What does a ‘good job’ look like?


“College. It’s worth it.”

That slogan still holds true. But not for everyone.

There are millions of jobs — “good jobs” — in America that don’t require an expensive college degree. And companies from sea to shining sea are knocking themselves out trying to fill those positions.

Those jobs do, however, require workers to get a bit dirty, at least sometimes.

TV host, “Dirty Jobs” maven and trade school champion Mike Rowe puts it clearly:

“A couple years ago, I was dropped into a 60-foot prospect shaft about the size of a manhole, somewhere in The Australian Outback. I was profiling a jolly pair of opal miners, and getting a taste of what their work was like day in and day out. As they lowered me further and further into the narrow tube, my focus shifted from looking for opals to not losing my mind. The claustrophobia was palpable, and by the time I got to the bottom, the sky above me was just a blue dot. I yelled up to the men far above me, ‘Do you guys really love this?’ They yelled back in unison, their voices faint but clear, ‘Best job I ever had!’

“I’ve asked the same question to hundreds of people over the years: roughnecks, crab fishermen, welders, roustabouts, plumbers, lumberjacks, truck drivers, soldiers, blacksmiths, electricians — they all answered the same way. And yet, none of those vocations appear on anyone’s list of ‘Top Jobs.’ How come?

“Right now, according to the Bureau of Labor Statistics, nearly 3 million jobs are available for those who are willing to learn a skill that’s in demand. The vast majority of these jobs do not require a four-year degree; they require training. Fortunately, many excellent training facilities exist all over the country. And yet, none of those schools are ever included in the ‘Top 100 Colleges in America.’ Why?”

“Last year, my foundation sent dozens of people to trade schools that most parents have never heard of, to pursue skills that few guidance counselors affirmatively encourage. Many of these jobs lead to six-figure salaries, quickly. I’ve partnered with several companies that assist potential employees with vocational training. Caterpillar has a program that will train you for free to be a Dealer Technician. Categorically, I can tell you that these people love their work. Many have gone on to start their own business.”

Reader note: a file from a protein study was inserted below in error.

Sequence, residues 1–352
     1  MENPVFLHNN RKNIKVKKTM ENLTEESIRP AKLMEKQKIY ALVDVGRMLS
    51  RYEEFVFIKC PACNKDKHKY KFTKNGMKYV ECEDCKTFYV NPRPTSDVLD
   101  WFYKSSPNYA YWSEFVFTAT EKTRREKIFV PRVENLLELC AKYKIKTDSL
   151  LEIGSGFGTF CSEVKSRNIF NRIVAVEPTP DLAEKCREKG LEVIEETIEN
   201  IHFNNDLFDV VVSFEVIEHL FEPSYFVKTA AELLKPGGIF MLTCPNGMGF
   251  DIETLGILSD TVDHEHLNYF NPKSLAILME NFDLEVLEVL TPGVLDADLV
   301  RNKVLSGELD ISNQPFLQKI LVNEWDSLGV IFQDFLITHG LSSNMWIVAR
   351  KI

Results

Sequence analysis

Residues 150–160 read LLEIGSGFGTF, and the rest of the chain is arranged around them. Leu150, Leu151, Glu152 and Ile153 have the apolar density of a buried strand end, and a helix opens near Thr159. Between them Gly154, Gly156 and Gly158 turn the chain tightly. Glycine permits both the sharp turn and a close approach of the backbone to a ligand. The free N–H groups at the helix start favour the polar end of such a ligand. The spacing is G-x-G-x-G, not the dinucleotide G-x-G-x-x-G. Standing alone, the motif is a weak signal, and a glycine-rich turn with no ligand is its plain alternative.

Last week in the News Journal we ran a feature story about the return of the Construction Technologies Program at Laurel Oaks Career Campus as the construction industry makes a comeback. It stated:

“The Bureau of Labor Statistics (BLS) assumes that the economy will fully recover from the recession by 2020, and that the labor force will return to full employment, or an unemployment rate between 4-5 percent. As housing recovers, construction will add 1.8 million jobs, according to the BLS.

“The Laurel Oaks program prepares skilled professionals for careers involving construction, plumbing and electricity. Students are taught how to master a wide range of hand tools and power tools, how to read blue prints and construction plans and how to work with a skilled team to produce quality products.

“On the way to becoming a top-notch construction carpenter, plumber or electrician, students can earn industry certificates that immediately improve their earning potential.

“There is still good career potential for those who ‘don’t mind getting dirty and doing some physical work,’ said Tim Boler of Tim Boler Construction in Lynchburg.”

And these jobs certainly are not only for students with just so-so grades. As a recent NPR report stated:

“Millions of good-paying jobs are opening up in the trades. And some pay better than what the average college graduate makes” without the overwhelming burden of college loans.

“The baby-boom workers are retiring and leaving lots of openings for millennials,” Anthony Carnevale says. There are 600,000 jobs for electricians in the country today, and about half of those will open up over the next decade. Carnevale says it is a big opportunity for that millennial generation born between 1980 and 2000.

“With so many boomers retiring from the trades, the U.S. is going to need a lot more pipe-fitters, nuclear power plant operators, carpenters, welders, utility workers — the list is long. But the problem is not enough young people are getting that kind of training.”

Millions of those jobs are out there. The training is out there. We adults need to ensure we get “out there” and educate, enlighten and encourage students that the jobs, and the training for them, are out there. And they’re good, essential, even enjoyable jobs.

Dirty or not.

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